June 30, 2022

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Masters of Health

Osceola Schools blast consultant’s ‘greed’ in health plan choice

The Osceola County School District hired a consultant to help the district pick which health insurance company to hire. But instead of helping the school district spend its taxpayer money wisely, the district is accusing the consultant of choosing an insurance company that rang up health care costs for the district while the consultant secretively collected nearly $4 million from insurance carriers, the school district said in a new federal lawsuit filed in U.S. District Court late last month.

In the lawsuit, the school district said it paid a capped annual fee up to $195,650 to Gallagher Benefit Services for the consultant to analyze different insurance companies and help the district hire providers for employee benefits. Gallagher recommended hiring Cigna which the district called “an unmitigated disaster.”

“Unknown to the School Board, Gallagher had received secret insurance commissions over the years totaling millions of dollars. In doing so, Gallagher breached its agreements and, worse, the School Board’s trust, leaving the unmistakable taint on Gallagher’s fealty given that the School Board had engaged a consultant getting paid more from the carriers it was to scrutinize and supervise than from the School Board itself,” the lawsuit said.

Gallagher breached its agreement with Osceola Schools “for the basest of reasons — greed,” the lawsuit accused.

“Gallagher boasts on its website to ‘bringing greater trust to the public trust,’ particularly when serving schools in its ‘primary mission of giving kids the best possible education,’ but its actions regarding the School Board proved anything but that,” the lawsuit said.

Gallagher, which is headquartered outside Chicago but has an office in Orlando, did not respond to a request for comment this week but the company is seeking to dismiss the lawsuit, documents show.

“After stripping away the bluster, the complaint mostly consists of a series of conclusory allegations thrown together in a hodge-podge way that does not provide notice to Gallagher of what specifically the School Board seeks to remedy with its breach of contract claims,” Gallagher said in court documents filed Nov. 30.

The district’s lawsuit said Cigna didn’t negotiate competitive prices for medical procedures and prescriptions. The lawsuit cited examples: Two heart surgeries that should have each cost roughly $220,000 were approved and performed for $2 million while prescriptions selling less than $20 over the counter were approved for $250.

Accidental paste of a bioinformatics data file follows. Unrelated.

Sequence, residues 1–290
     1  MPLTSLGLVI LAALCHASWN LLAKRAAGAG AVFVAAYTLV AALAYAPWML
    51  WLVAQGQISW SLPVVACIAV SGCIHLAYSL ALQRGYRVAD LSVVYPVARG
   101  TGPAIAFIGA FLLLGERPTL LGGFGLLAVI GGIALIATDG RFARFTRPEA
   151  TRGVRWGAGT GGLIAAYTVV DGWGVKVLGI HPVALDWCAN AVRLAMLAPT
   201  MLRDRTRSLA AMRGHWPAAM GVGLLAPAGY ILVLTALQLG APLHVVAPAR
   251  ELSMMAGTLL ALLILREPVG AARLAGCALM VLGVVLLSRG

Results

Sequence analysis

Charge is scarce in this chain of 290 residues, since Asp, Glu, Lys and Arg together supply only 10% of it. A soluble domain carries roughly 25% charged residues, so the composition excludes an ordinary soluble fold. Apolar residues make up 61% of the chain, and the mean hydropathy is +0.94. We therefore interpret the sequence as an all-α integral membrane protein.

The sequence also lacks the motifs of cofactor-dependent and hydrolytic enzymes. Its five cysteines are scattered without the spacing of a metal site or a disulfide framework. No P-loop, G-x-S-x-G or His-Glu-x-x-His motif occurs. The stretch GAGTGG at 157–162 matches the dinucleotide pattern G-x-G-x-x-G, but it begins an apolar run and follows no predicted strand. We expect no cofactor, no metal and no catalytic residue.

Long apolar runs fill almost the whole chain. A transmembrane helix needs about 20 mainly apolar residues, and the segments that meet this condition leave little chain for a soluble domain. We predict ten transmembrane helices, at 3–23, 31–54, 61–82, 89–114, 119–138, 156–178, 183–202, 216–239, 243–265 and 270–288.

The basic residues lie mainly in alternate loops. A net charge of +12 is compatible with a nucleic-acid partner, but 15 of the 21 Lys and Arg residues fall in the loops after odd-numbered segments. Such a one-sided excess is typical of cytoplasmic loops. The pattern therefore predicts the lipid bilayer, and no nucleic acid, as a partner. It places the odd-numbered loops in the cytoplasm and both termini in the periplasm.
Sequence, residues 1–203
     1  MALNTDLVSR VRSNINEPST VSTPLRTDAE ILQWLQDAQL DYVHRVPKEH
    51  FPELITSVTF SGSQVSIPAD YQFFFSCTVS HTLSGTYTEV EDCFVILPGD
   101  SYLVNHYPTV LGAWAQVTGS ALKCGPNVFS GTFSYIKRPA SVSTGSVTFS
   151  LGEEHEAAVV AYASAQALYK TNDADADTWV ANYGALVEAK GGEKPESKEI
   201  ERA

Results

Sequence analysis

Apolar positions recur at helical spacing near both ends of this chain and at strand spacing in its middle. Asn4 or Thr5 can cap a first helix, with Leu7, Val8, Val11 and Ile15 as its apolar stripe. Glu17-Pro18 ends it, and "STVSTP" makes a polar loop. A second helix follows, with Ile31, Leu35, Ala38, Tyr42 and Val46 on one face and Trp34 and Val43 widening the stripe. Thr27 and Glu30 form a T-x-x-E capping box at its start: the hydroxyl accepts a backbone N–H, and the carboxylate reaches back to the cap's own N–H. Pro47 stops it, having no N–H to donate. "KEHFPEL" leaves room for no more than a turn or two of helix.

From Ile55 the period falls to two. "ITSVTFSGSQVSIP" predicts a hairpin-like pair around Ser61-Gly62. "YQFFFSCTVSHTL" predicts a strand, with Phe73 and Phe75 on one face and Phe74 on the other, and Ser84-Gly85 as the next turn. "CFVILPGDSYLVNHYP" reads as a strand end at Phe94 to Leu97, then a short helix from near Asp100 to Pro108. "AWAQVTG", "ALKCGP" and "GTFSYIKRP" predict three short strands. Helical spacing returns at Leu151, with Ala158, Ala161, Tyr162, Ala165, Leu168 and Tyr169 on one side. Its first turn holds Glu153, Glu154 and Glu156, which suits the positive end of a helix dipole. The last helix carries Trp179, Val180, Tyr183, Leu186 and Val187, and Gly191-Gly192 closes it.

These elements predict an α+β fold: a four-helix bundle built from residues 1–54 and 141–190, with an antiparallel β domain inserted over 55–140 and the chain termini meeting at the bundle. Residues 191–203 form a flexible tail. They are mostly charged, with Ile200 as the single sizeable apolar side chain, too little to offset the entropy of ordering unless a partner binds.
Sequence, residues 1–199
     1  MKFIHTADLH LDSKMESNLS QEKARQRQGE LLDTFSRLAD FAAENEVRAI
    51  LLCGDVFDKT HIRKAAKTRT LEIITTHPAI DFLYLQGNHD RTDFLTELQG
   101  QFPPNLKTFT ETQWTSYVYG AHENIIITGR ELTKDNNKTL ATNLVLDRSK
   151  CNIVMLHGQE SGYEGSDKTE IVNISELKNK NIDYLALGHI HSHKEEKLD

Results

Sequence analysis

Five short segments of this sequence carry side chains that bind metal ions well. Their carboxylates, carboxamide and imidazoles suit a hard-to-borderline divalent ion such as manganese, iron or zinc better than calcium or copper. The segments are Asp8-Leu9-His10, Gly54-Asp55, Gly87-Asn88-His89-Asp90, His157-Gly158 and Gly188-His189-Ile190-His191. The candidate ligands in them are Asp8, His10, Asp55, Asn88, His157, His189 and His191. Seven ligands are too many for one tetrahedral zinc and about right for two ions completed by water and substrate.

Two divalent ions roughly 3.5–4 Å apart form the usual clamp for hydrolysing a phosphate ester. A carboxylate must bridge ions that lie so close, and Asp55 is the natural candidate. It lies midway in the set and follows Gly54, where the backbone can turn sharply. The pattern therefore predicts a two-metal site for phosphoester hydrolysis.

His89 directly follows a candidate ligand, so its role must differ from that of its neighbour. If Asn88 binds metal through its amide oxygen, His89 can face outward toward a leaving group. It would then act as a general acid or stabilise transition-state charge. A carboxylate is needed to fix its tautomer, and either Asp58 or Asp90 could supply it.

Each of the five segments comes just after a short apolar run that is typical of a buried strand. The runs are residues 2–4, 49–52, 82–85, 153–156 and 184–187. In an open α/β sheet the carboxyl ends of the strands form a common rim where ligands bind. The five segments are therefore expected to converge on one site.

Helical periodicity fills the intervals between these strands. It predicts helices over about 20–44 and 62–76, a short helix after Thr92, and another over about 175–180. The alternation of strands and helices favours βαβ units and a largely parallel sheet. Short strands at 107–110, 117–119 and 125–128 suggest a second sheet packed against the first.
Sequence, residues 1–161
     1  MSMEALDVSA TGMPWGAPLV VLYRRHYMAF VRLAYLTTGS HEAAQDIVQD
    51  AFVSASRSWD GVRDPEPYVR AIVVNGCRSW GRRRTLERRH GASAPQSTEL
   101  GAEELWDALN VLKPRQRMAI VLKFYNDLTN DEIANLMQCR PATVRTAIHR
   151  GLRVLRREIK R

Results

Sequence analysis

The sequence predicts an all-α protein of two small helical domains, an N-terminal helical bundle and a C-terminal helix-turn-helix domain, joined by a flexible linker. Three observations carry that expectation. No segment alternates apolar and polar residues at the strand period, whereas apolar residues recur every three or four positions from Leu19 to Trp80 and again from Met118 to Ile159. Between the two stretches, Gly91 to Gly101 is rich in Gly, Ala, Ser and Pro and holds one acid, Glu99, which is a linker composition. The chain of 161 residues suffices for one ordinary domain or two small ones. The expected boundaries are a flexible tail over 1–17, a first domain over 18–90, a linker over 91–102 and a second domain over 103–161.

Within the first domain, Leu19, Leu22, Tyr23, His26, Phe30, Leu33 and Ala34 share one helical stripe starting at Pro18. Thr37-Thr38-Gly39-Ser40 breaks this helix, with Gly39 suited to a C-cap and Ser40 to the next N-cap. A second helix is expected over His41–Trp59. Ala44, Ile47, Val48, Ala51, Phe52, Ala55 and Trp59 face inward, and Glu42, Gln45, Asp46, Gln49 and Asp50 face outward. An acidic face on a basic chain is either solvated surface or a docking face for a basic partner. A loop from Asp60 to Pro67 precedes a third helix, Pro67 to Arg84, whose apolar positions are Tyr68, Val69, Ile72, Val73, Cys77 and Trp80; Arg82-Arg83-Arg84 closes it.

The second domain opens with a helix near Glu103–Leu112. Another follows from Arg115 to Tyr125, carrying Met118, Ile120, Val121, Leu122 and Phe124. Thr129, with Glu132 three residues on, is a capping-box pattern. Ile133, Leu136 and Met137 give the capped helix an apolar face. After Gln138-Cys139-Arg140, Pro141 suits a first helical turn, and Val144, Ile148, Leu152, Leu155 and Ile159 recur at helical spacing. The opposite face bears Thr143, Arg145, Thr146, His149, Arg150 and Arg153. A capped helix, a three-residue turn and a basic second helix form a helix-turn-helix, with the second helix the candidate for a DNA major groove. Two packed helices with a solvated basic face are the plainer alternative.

That meant the taxpayer-funded school district was often stuck with the leftover bill.

“Under the self-funded model of employer-sponsored health insurance, the School Board remained responsible for the portion of the health care costs not paid for by the member,” the lawsuit said. “Cigna’s failure to conservatively approve treatment and failure to negotiate competitive prices for prescriptions and medical procedures forced the School Board to grossly overpay health care providers and pharmacies.”

The lawsuit didn’t say how much the district thought it had overpaid. The school district’s attorney said he was not able to immediately comment.

The school district and Cigna, which did not immediately respond to a request for comment, are in litigation.

Cigna sued the district last year with the insurance company arguing the district didn’t properly competitive bid out for new contracts after the school system decided not to renew Cigna’s contract.

Osceola Schools also blames Gallagher for not protecting the district from Cigna and other carriers while Gallagher “collected secret commissions which exceeded the fixed fee allowed by the Services Agreements and Renewals with the School Board,” the lawsuit said.

Under the agreement with the school district, Gallagher was not supposed to get paid for commissions or supplemental compensation, including finder’s fees, the lawsuit said.

Gallagher and Osceola Schools had been doing business together since 2012.


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